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Saturday, November 11, 2017


Prussian soldiers on the march after winning Franco/Prussian War, 1871.

Veterans Day was called Armistice Day was celebrated from 1918 to the early 1950s commemorating the treaty signings that ended WWI on the 11th hour of the 11 day of the 11 month in 1918.

By the mid-1950s Armistice Day became Veteran’s Day in the U.S to honor all veterans.  

But in the history of 20th century warfare it should be noted Armistice Day was merely a halftime in a war that really began with the Franco Prussian War of 1870-71.

It was the Franco Prussian war that unified the quasi independent German states into one large militaristic Germany.  As a unified military force the Prussians were able to use superior manpower, leadership, organization to overwhelm and humiliate France.

Losing the Franco Prussian war was a bitter pill for the French, which saw them have to endure an invading army march through Paris and the loss of territory (Alsace and parts of Lorraine provinces).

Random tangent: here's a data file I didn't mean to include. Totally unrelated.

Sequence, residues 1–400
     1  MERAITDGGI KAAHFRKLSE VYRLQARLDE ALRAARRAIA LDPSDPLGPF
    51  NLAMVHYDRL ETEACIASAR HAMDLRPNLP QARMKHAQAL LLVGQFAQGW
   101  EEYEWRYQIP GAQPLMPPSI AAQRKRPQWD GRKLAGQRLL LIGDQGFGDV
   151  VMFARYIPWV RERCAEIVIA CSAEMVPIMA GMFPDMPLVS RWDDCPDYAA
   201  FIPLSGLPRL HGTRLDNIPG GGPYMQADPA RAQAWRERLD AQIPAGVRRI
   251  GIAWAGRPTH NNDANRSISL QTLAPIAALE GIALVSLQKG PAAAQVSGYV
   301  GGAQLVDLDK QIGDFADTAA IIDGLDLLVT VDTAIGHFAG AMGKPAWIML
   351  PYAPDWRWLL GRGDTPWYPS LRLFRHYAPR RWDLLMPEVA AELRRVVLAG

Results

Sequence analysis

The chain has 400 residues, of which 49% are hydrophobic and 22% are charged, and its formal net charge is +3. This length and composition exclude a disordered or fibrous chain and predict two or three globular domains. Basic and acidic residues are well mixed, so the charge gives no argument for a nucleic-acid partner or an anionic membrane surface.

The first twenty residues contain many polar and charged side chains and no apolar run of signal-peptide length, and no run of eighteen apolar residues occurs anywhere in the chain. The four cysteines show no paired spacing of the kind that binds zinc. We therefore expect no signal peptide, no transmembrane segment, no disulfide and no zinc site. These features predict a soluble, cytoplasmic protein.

The France entered World War I with the Franco Prussian war loss as a big chip on its shoulder.

The bitterness toward each other was seen in how the Western front of WWI was fought.  France with the aid of its biggest allies Britain and the U.S. was finally able to bankrupt German’s ability to wage war.  But by the early 1930s it became Germany’s turn to avenge the humiliation of being on the wrong side of World War I’s outcome.

Enter World War II, which saw Germany march into Paris (again).  The bloody period between 1939 and 1945 marked the evolution of total war.

This time the Allies utterly devastated Germany finally dismantling the Prussian/ German war machine that came to power in 1870.

There was no Armistice to end World War II.  In its place was utter devastation and total surrender.


German Troops marching in Paris 1940.

U.S. Army 28th Infantry Division marching though Paris after it was liberated from the Germans

French troops marching through Berlin, May 1945

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